According to the LA Times, people who drive electric vehicles in Los Angeles generally travel farther and charge more often in public and at off-peak hours (when it’s cheaper) versus those that drive an EV in other parts of the country. This is certainly good news for people in LA who are hesitant to buy an electric car because of range anxiety.
Ecotality oversees the EV Project, a $230-million deployment of electric-vehicle charging infrastructure funded in part by the U.S. Department of Energy to aid the rollout of electric vehicles and conduct research.
About 4,600 of a planned 8,300 residential chargers and 1,600 of a planned 5,000 public chargers have been installed through the EV Project since 2010. To date, more than 26 million of an anticipated 100 million miles of driving data have been analyzed in 18 major cities, including Seattle, Dallas, Nashville and Los Angeles.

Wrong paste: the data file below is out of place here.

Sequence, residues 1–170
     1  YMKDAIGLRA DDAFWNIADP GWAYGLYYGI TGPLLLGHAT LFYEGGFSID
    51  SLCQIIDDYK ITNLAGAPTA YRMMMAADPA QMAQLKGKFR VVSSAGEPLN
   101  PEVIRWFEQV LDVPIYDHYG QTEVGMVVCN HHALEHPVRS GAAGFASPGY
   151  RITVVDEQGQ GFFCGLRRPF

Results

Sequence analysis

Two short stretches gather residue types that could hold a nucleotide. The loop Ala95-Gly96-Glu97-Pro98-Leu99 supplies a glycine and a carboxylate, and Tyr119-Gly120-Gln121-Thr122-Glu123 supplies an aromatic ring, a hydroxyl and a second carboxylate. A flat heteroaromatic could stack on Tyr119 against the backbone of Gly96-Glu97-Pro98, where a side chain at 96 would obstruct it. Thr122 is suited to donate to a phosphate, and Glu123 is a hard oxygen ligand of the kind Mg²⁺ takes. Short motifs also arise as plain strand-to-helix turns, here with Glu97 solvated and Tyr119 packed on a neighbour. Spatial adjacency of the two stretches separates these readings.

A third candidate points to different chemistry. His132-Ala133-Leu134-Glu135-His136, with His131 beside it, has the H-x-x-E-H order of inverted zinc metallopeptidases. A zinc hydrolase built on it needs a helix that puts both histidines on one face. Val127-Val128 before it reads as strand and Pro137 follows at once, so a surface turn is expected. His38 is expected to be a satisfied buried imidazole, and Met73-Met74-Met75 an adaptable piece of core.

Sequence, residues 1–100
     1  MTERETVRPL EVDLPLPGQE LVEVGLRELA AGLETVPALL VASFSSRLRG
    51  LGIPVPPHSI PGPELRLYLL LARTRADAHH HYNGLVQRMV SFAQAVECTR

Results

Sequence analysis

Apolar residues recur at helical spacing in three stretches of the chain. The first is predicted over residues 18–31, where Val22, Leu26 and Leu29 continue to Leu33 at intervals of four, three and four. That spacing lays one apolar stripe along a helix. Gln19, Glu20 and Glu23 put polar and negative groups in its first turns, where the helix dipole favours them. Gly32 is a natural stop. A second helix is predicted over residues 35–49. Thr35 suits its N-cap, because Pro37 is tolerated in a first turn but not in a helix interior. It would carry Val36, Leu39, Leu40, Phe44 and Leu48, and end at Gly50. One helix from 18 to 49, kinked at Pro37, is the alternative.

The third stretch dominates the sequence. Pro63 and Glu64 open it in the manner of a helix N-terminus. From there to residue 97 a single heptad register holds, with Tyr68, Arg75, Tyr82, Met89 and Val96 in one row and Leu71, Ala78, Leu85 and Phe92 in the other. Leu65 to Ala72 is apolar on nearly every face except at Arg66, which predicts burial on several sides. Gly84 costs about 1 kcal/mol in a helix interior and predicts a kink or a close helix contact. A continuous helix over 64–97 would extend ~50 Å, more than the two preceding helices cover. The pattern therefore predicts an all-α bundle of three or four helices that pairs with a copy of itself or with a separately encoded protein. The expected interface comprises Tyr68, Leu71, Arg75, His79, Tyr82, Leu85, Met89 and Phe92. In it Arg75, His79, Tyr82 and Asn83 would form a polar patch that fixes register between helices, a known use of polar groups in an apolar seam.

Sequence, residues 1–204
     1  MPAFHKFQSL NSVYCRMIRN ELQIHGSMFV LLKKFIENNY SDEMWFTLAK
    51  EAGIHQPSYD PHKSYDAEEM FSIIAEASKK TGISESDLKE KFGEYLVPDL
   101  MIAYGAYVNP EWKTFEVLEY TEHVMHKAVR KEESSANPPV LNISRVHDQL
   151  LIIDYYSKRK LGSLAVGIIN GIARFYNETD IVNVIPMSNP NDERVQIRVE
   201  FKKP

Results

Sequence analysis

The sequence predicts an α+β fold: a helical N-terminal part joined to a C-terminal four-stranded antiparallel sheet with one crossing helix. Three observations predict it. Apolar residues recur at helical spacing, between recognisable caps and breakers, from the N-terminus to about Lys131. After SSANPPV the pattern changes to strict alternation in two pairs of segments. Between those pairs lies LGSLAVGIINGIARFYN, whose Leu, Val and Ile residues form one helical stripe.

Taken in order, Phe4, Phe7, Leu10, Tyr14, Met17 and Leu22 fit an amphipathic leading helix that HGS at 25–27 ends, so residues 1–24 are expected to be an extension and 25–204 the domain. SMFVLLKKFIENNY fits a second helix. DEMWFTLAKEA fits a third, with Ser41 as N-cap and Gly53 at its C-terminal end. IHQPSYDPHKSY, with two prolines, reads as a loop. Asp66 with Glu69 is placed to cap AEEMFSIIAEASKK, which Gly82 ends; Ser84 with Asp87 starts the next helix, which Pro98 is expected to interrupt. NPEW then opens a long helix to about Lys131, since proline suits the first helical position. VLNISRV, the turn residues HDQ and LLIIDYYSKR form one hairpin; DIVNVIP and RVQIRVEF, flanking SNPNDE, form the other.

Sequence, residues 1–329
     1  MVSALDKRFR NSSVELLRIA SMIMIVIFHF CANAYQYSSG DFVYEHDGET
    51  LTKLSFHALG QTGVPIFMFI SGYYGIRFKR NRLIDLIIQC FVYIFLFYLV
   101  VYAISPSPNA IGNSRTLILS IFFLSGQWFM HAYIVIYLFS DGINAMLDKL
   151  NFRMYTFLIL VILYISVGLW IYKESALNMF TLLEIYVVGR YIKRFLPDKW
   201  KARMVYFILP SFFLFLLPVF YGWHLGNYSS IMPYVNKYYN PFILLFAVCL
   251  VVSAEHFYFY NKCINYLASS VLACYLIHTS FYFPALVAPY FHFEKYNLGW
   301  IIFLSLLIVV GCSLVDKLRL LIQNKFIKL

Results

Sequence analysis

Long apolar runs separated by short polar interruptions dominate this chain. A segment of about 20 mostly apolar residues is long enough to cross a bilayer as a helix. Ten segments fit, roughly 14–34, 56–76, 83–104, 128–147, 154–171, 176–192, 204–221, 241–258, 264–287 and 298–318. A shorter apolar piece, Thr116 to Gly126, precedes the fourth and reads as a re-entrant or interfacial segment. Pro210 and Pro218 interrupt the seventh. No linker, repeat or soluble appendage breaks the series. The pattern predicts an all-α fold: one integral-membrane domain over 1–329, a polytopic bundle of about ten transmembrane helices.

Owners of electric vehicles report their usage to Ecotality who then tally the data and analyze patterns. Based on L.A. data for the first quarter of 2012, Leaf drivers charge away from home 24% of the time, versus 19% nationally. They travel about 28.1 miles between charges versus 27.4 miles nationally and arrive at home with more depleted charges than EV drivers in other cities.
Ecotality plans to continue their study through the end of 2013 by which point additional EV models (such as the Toyota RAV4 EV) will have been added to the market.